Co-designing A Research Partnership

30 03 2021

The USAID LASER PULSE Network just released the short story below on how we implemented a co-design process with our partners – AgUnity and Egerton University in Kenya – for our project entitled “Exploring Blockchain Technology to Improve Food Security Through African Indigenous Vegetables in Western Kenya.”

The story talks about our desire to blend the research and translation process from the beginning of our proposal development for the following three reasons: 

(1) We expected research activities to bring up new questions that would need to be addressed to produce an impactful research translation product. The research team members are able to return to the field to get answers for the research translation team to continue to refine the app.

(2) Collaboration and partnership are essential for impact. Development in general must continue to break down silos between disciplines and professions in order to meet the needs of the individuals we are trying to serve through this research. Collaboration facilitates the rapid problem solving and creativity that impact generation requires. 

(3) Working collaboratively is a lot of fun! It stimulates passions and shared interests, facilitates out of the box thinking, and learning. So far, we have been able to provide training to each other, talk about new and innovative ways to address nutrition, discuss unique avenues to scale the project and ensure sustainability, and share our own passions and interests in travel, food, and family.

Source





Book Chapter – Completing the Cycle

22 03 2021

A new co-authored book chapter – with Prof. Shyam Ranganathan – entitled “Completing the Cycle: An Inclusive Capitalism Approach Linking Sustainable Consumption and Production,” has just been published in Sustainable Consumption and Production, Volume I: Challenges and Development.

Abstract

In this chapter, we present an inclusive capitalism approach, which completes the environmental-production-income and distribution-consumption cycle by treating sustainable consumption and production as two sides of the same coin. There are two divides that our approach to inclusive capitalism bridges—one between income earned from capital ownership and from wages, and the other between the human production of goods and services and the impact these activities have on the environment. We analyse different mechanisms to bridge these divides and show that our proposal—broadening the distribution of capital ownership using future earnings of capital and directing this income towards sustainable production and consumption—presents a holistic solution to growing environmental problems and income inequality. In addition, we also achieve the politically desirable goal of participatory economic life through this mechanism.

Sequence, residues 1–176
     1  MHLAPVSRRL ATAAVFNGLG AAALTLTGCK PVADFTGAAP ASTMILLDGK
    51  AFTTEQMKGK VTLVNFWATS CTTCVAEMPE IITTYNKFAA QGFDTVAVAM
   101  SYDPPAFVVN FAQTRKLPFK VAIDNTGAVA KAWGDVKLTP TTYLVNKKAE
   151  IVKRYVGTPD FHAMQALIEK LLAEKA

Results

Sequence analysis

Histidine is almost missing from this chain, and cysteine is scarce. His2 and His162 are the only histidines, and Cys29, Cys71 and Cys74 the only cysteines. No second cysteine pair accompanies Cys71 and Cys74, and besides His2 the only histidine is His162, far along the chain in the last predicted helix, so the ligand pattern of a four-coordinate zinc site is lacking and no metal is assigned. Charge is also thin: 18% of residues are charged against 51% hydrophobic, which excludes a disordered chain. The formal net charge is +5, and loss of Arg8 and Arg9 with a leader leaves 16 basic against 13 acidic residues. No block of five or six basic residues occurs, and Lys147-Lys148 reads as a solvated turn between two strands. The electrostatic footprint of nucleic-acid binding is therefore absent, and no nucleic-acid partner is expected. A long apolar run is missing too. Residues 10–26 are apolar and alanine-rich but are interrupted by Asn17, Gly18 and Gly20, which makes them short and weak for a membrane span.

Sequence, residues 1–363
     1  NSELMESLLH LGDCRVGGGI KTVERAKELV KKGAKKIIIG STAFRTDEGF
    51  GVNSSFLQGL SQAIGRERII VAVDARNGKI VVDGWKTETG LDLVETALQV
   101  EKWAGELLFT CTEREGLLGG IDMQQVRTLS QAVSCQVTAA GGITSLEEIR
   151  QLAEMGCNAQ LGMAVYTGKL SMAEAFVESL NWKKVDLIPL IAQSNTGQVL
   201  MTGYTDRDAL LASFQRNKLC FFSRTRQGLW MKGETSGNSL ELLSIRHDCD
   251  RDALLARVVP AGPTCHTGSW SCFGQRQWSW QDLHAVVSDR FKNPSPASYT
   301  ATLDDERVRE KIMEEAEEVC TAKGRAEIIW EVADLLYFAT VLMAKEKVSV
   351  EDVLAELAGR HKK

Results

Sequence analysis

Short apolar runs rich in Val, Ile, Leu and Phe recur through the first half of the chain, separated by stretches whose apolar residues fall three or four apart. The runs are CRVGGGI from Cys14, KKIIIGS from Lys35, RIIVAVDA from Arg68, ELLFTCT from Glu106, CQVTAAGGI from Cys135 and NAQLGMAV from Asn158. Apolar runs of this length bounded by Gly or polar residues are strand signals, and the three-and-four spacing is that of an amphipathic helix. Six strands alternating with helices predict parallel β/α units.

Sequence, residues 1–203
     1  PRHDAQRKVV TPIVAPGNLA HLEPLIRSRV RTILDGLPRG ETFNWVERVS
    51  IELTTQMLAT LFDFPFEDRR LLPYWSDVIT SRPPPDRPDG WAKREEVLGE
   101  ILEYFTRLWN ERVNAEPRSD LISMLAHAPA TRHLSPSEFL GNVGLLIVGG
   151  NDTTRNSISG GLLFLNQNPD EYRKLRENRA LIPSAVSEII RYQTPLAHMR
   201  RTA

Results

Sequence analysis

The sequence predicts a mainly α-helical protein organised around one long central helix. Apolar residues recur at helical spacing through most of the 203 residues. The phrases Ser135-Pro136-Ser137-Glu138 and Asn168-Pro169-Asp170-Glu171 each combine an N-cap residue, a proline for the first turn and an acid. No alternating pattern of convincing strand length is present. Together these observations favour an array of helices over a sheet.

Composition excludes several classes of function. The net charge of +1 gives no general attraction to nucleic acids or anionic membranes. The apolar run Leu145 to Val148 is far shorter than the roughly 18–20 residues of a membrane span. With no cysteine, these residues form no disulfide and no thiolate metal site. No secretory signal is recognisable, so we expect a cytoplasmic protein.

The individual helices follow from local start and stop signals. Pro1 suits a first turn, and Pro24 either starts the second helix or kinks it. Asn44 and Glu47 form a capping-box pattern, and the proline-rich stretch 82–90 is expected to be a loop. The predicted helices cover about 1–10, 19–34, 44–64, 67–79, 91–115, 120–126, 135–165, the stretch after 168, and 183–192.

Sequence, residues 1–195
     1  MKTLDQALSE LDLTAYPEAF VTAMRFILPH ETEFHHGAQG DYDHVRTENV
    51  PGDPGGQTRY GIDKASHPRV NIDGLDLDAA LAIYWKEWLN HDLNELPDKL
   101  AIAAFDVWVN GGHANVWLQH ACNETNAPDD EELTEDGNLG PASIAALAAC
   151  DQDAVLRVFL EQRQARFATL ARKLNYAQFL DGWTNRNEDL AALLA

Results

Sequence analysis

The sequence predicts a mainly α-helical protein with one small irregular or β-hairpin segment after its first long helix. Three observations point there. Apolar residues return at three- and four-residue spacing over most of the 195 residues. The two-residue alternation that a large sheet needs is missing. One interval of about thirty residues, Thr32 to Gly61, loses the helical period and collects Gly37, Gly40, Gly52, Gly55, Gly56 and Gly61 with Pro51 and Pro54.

Future of Work – Recording of IIHCC Conversation

14 03 2021

If you missed our conversation on the Future of Work last week and would like to watch a recording of the session, it can now be accessed by clicking on the image below.

https://www.provost.vt.edu/destination_areas/areas_of_focus/da_iihcc/iihcc-forum.html




Talk on the Future of Work

24 02 2021

If you are interested in the Future of Work, please consider joining Prof. Sylvester Johnson, Prof. Suqin Ge, and I, from 12-1pm (EST), on Monday, March 1, for a discussion that will explore the following questions:

  • How is the digital economy affecting present and future labor opportunities?
  • Is AI replacing more jobs than it creates?
  • Are there gender disparities in the impact of automation?
  • What is the relationship between economic growth and real wages?
  • Should universal basic income play a role?

To register for the event click here.

This talk is part of Virginia Tech’s Intelligent Infrastructure for Human-Centered Communities (IIHCC) Destination Area.